Film Review: Break Up 100 transcends its romantic roots

PUBLISHED : Wednesday, 30 July, 2014, 10:54pm
UPDATED : Wednesday, 30 July, 2014, 11:11pm

Ekin Cheng Yi-kin, Chrissie Chau Sau-na, Ivana Wong Yuen-chi
Director: Lawrence Cheng Tan-shui
Category: IIA (Cantonese and Putonghua)


In 1994, Lawrence Cheng Tan-shui directed a romantic comedy whose male star was 14 years older than the film's female lead. Two decades later, his first directorial effort since He & She has a lead actor who's 17 years the senior of the main actress.

Yet the age gap isn't very noticeable in Break Up 100 — in part because 46-year-old Ekin Cheng Yi-kin's character is a "kidult", and the one portrayed by 29-year-old Chrissie Chau Sau-na is the more mature of the duo.

In the kind of "opposites attract" pairing beloved of filmmakers, Sam (Ekin Cheng) and Nam (Chau) — who's referred to as Barbara in the English subtitles — have been romantically involved for eight years. Over this period, their relationship has had its ups and downs. To be precise, they've broken up 99 times already, often over extremely trivial matters, but got back together again 99 times as well.

Rather than do nothing but wait around fatalistically for break-up number 100 to occur, Sam and Nam go ahead and open a cafe, which they operate with the help of four young men (C AllStar) who are far better singers than waiters.

From day one, they attract quirky characters to the establishment, including a customer (Eric Kot Man-fai) who points out that its name has been mistakenly written out as LA Cafe Pillowcase in French (rather than "I love you", as Sam had intended) and Priscilla (Ivana Wong Yuen-chi), the friendly proprietor of the nearby Priscilla's Bakery.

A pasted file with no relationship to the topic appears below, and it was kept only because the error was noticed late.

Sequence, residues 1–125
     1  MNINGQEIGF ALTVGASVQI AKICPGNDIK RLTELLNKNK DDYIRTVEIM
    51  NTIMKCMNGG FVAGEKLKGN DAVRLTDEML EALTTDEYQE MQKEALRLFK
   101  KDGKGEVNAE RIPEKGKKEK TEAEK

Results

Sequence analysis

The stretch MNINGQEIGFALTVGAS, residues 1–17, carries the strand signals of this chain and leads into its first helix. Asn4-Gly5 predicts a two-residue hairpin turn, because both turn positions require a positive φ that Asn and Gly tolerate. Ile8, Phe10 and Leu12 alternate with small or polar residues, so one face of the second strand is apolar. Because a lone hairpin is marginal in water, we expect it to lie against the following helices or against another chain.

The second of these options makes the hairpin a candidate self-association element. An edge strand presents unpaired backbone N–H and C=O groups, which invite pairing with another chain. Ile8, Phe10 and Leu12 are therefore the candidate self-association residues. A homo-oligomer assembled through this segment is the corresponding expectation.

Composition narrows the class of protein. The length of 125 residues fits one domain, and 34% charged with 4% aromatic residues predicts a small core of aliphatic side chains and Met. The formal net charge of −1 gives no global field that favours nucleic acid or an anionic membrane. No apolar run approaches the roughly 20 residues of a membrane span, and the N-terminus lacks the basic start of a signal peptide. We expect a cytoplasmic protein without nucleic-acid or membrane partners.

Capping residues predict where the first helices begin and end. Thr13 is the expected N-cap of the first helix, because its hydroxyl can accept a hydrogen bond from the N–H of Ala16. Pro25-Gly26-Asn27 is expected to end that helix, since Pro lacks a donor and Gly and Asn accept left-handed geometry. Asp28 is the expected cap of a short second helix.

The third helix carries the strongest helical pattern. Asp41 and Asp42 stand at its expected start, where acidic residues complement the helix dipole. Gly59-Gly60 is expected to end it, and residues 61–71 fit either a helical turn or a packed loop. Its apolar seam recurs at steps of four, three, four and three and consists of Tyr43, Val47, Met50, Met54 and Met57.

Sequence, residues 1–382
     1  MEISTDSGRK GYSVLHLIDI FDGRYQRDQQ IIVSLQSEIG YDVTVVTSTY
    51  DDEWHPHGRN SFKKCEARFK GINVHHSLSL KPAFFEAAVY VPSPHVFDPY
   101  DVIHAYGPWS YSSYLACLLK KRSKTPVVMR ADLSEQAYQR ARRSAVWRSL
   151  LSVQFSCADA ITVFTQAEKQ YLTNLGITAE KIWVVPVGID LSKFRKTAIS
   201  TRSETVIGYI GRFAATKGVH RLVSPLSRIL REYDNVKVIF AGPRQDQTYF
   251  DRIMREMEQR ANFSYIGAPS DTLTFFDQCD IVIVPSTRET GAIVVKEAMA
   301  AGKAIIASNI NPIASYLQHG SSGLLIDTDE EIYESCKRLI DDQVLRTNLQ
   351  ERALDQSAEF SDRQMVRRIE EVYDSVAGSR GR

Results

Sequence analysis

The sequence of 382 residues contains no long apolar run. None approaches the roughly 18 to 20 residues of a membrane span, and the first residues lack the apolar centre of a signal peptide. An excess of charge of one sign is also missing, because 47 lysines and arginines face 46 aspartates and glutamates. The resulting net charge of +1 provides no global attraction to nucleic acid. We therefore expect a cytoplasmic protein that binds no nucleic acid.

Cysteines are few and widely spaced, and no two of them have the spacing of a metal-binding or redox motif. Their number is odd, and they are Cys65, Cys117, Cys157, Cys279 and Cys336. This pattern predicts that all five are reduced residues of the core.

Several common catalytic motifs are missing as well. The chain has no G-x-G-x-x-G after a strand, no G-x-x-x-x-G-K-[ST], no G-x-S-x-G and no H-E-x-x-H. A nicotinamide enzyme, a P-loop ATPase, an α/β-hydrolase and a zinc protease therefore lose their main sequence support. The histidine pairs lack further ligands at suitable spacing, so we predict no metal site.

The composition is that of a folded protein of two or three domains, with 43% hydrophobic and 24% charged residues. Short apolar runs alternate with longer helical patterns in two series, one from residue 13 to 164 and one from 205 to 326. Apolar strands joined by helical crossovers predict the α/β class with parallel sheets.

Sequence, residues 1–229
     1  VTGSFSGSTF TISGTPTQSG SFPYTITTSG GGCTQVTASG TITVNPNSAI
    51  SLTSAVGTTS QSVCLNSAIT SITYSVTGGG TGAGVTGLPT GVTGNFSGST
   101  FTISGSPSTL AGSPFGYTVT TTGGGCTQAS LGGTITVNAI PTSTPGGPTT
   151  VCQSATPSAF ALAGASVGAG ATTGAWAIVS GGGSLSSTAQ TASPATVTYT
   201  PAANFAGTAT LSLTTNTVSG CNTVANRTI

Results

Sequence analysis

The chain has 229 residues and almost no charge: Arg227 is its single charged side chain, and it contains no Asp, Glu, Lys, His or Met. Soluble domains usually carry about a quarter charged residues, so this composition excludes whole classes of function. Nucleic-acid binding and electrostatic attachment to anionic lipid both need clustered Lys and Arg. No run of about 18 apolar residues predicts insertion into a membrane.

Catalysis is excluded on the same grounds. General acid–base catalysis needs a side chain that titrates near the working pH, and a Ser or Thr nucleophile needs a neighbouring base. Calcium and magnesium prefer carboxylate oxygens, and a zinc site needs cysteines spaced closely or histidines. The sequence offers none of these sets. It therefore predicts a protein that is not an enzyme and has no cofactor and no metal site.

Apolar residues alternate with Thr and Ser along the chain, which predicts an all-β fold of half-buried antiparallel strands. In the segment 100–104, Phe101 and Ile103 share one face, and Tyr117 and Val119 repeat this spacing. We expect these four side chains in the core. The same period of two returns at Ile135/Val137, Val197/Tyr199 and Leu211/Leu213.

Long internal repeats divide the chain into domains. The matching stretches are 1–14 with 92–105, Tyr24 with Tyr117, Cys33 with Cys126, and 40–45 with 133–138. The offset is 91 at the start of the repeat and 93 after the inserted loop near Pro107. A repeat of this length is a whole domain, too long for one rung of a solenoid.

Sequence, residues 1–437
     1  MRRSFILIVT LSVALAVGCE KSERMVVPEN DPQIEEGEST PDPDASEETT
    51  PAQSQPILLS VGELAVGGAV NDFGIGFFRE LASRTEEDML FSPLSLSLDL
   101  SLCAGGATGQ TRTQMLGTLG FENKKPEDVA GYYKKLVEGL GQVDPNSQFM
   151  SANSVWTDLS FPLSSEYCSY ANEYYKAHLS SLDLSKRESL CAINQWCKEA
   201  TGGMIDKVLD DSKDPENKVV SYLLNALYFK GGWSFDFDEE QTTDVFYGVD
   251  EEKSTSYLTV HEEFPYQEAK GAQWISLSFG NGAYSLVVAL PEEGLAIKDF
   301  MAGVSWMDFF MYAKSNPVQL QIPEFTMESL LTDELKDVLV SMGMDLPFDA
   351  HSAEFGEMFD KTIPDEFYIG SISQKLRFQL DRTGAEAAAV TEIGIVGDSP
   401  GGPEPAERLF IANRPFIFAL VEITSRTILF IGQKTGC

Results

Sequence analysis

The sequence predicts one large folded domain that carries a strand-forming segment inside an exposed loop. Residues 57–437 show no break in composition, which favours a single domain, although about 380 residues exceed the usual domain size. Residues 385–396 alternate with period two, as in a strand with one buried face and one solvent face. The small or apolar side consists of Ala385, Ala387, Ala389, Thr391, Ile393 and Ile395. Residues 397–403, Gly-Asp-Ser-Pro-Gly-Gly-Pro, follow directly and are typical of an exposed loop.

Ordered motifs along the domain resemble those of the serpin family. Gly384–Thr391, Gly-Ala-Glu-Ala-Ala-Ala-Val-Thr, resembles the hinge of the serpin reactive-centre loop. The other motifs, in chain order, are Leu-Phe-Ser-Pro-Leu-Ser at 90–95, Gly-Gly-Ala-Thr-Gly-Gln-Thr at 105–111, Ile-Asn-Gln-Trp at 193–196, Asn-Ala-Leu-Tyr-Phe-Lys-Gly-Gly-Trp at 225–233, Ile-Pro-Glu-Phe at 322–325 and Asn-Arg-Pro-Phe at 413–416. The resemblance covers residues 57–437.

But things only really pick up — for the cafe, and also the film — after Sam hits on the idea of having a "break-up mini-storage" facility for people to (temporarily) store evocative mementoes of past relationships.

Initially, it feels like director Cheng (who also co-produced and co-scripted) hadn't been confident enough in the ability of its two leads to carry the film and consequently decided to load it up with cameos galore (including ones by himself and Canto-pop star-actress Miriam Yeung Chin-wah) and cute devices.

While some of these embellishments are amusing, others come across as tiresome, and the subplot involving entertainment personality Chin Ka-lok is so strange that it is disconcerting. But when the mood turns more serious in the latter part of the film, things improve and feel admirably adult.

The recognition that relationships are about the little things in life, and far from always being just fun and games, helps this offering be more than a generic romantic comedy, even though that may have been the initial intention of the filmmakers.

Ekin Cheng is a serviceable leading man, and fellow singing star Ivana Wong — who only made her film debut earlier this year in Golden Chickensss — once again threatens to steal the show. But the revelation here is Chrissie Chau, who displays genuine acting ability in this movie, and not just the physical features that have made her a well-known pseudo-model.


Break Up 100 opens on August 1